What I found unacceptable was the way the Agency dismissed the findings and downplayed the risks. The comments, "it is extremely unlikely that genes from genetically modified (GM) food can end up in bacteria in the gut of people who eat them", and "the findings had been assessed by several Government experts who had ruled that humans were not at risk", are seriously misleading.

If you search GM reports it is difficult to find anything good said about GM food. Can anyone find something good about GM food? I would like to see it.

I think there is a lot to read about the dangers of GM food, that is not the problem. The problem seems to be, If we know about the dangers why are we doing it?
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Offline echochartruse

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« Reply #43 on: 20/09/2010 09:49:26 »
presently humans don't get viruses from fruit and veggies but think what might happen if we use human genes transfered to our fruit and veggies.

Quote from:  author
http://www.sciencedaily.com/releases/2010/08/100826104133.htm
Toward Safer Foods for Human Consumption With Anthrax Protection
ScienceDaily (Aug. 26, 2010) — An antibacterial enzyme found in human tears and other body fluids could be applied to certain foods for protection against intentional contamination with anthrax, scientists reported in Boston, Massachusetts on August 26 at the 240th National Meeting of the American Chemical Society (ACS).

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« Reply #44 on: 20/09/2010 10:09:27 »
Are we rather drifting off topic here? The question was (and I think still is) "How dangerous genetically modify food and why no news about it?"

My concerns are that GM crops have not been, and probably cannot be, fully evaluated for their effect on non-GM crops and wild plants, the many and varied fungi and insects which depend on them, the knock on effect of tampering with the life cycle of those fungi and insects and other plants they utilise now or might migrate to. The fact that GM could be impossible to reverse and that we cannot create a boundary to contain GM.

Are we, if you'll pardon the phrase, 'playing God'?

Yes, we have hybridised plants, but this can only work within certain biological limits. GM goes beyond those biological limits, effectively creating plants which would never evolve in nature and which have no place in the natural diversity.

Just suppose that in destroying crop fungi, we also destroy the fungi which attacks the Colorado Beetle. Result, increased attack on potato crops. So we create a GM potato which destroys the Colorado Beetle. Result, the frogs and birds which feed on them must find new prey, perhaps bees. Now we have problem with crop pollination.

I find it worrying that GM appears to be a Hitleresque 'Final Solution' to crop pests which can and does have effects far beyond the problem they are supposed to alleviate, causing more problems elsewhere.


Apologies to echochartruse, you seem to have got back to the main topic while I was buggering around!
« Last Edit: 20/09/2010 10:13:14 by Don_1 »
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« Reply #45 on: 21/09/2010 00:03:09 »
Don_1

I am glad your back on topic here.

GM in my opinion is a bandaid placed on a sore that needs amputation.
today I read that chickens will be modified to survive better in small cages for food production.

I agree with your statement "Hitleresque 'Final Solution'"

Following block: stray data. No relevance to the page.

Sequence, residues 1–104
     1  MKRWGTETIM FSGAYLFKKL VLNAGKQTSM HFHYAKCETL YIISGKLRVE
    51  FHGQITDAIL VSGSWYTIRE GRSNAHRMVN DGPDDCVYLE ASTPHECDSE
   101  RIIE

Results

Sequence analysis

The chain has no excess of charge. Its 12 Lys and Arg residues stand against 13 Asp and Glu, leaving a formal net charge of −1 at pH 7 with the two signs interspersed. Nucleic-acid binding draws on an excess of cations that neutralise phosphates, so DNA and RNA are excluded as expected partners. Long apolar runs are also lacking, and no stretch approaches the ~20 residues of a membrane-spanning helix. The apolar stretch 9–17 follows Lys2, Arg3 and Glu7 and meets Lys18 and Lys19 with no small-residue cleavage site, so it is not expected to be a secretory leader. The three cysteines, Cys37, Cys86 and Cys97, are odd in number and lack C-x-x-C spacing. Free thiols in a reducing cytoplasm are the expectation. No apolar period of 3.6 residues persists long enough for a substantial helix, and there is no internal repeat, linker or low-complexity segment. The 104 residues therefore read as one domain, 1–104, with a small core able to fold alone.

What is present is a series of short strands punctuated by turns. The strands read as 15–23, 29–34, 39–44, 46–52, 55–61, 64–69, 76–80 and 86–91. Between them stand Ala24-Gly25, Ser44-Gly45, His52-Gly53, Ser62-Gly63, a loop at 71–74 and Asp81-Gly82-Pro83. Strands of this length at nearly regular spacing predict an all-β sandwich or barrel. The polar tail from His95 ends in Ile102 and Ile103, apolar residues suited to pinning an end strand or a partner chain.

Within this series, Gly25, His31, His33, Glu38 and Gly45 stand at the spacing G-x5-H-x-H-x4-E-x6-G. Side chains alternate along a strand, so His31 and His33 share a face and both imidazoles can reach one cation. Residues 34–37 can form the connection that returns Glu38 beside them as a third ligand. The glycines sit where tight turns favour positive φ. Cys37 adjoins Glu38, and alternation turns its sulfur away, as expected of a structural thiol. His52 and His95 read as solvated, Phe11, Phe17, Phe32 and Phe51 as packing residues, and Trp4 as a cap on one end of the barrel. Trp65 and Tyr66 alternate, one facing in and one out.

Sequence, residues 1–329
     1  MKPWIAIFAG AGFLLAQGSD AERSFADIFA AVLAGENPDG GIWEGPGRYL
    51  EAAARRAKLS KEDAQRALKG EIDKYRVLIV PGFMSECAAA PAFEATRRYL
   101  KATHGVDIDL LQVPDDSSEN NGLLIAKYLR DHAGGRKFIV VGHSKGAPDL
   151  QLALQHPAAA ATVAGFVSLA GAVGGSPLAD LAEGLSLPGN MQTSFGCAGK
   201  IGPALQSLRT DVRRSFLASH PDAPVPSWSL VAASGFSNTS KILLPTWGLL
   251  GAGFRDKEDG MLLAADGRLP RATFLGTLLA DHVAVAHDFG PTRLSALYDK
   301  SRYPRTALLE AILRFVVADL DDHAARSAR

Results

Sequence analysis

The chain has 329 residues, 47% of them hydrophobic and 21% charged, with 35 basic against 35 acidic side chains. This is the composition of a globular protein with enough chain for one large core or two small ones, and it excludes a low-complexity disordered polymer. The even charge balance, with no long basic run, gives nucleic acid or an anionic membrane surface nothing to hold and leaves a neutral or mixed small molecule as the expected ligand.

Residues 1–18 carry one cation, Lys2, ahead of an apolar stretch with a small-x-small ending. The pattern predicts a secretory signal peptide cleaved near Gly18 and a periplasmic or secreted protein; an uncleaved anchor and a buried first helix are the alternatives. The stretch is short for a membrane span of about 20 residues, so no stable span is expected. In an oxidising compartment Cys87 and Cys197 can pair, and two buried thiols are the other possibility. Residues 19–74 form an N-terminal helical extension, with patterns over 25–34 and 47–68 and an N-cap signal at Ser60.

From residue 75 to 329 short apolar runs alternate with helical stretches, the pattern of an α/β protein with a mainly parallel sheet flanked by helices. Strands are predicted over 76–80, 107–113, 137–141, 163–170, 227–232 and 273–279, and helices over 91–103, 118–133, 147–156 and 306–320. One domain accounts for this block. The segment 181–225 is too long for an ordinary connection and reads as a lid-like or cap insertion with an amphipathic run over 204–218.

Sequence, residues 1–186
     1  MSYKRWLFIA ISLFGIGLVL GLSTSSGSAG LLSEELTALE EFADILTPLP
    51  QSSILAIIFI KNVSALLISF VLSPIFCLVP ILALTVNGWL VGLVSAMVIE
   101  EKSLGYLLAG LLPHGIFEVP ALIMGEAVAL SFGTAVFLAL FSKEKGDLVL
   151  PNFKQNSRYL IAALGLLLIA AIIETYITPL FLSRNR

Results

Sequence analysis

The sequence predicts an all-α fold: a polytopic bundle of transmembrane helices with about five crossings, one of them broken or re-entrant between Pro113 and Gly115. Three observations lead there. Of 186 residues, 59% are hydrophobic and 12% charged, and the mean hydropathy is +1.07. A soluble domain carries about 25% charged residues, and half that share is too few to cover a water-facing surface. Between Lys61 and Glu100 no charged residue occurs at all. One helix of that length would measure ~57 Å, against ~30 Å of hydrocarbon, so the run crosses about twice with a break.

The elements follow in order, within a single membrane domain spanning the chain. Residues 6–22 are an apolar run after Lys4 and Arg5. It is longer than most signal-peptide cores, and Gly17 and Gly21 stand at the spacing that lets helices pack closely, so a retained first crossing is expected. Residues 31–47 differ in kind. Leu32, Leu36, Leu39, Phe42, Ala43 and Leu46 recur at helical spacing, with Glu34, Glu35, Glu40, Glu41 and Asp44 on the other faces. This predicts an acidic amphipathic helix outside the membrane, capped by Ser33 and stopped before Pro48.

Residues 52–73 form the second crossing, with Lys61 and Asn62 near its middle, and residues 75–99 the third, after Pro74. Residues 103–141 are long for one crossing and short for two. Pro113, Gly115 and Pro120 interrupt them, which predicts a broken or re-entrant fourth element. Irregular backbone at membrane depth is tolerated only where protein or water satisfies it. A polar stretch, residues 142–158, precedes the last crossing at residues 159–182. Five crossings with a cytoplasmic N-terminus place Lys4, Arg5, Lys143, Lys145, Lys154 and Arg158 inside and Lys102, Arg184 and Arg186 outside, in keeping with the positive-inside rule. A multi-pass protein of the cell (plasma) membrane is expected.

Why is our governments allowing this poisoning of the world's food supply?

Profit driven? destroy our natural food supply, surely there is more to it than the $$$$.

At an estimate I would say at least 80% of the world's population does not want to eat GM food.

What can we do about it? It is in our food, our cleaners, makeup, animals, etc and we aren't told the consequences because it hasn't been tested thoroughly. No labeling. Now our local government are adding fluride to our water supply. Didn't Hitler use fluoride to kill people?

(tongue in cheek) Maybe once we are full of GM food and every living thing on this planet is GM then we will be ripe for the alien's picking. Just the way they like.

Accidental release of GM fish into the wild. accidental release of this and that, you hear about it all the time. Isn't these mistakes enough to halt GModification. If I released chemicals into the river I would be jailed. What gives Shell and Monsanto immunity?

http://www.opposingviews.com/i/genetically-modified-foods-pose-huge-health-risk

https://secure.cisti-icist.nrc-cnrc.gc.ca/cisti/journals/rp/rppdf/f01-064.pdf

50 HARMFUL EFFECTS OF GENETICALLY MODIFIED (GM) FOODS
http://www.raw-wisdom.com/50harmful.
« Last Edit: 21/09/2010 00:06:43 by echochartruse »
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Offline Joe L. Ogan

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« Reply #46 on: 21/09/2010 00:06:37 »
What, specifically, is the danger of GMF?  Thanks for comments. Joe L. Ogan 
« Last Edit: 21/09/2010 15:07:16 by Joe L. Ogan »

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Offline echochartruse

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« Reply #47 on: 21/09/2010 00:46:33 »
Joe, You ask for a long post.

Read Monsanto's 5 paragraphs on why it is good, then read the other millions of site why it is bad
http://www.monsanto.co.uk/news/ukshowlib.phtml?uid=3422
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Offline Don_1

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« Reply #48 on: 21/09/2010 13:05:59 »
What, specifically, is the danger of GMF?  Thanks for comments.  Thanks for comments.  Joe L. Ogan 

That really is the whole problem, as I see it. We just don't know. Problems caused by GM may not manifest themselves for many generations. But we do know that we have created problems through our interference with nature on many occasions in the past.